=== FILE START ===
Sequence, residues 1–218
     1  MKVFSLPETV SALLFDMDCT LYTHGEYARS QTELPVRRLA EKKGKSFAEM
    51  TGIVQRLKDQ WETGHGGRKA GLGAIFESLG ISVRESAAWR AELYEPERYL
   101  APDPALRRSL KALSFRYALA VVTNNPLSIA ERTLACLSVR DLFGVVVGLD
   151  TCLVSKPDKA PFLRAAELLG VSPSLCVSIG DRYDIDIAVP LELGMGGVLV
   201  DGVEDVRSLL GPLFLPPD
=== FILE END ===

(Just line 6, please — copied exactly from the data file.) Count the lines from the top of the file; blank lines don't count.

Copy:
   201  DGVEDVRSLL GPLFLPPD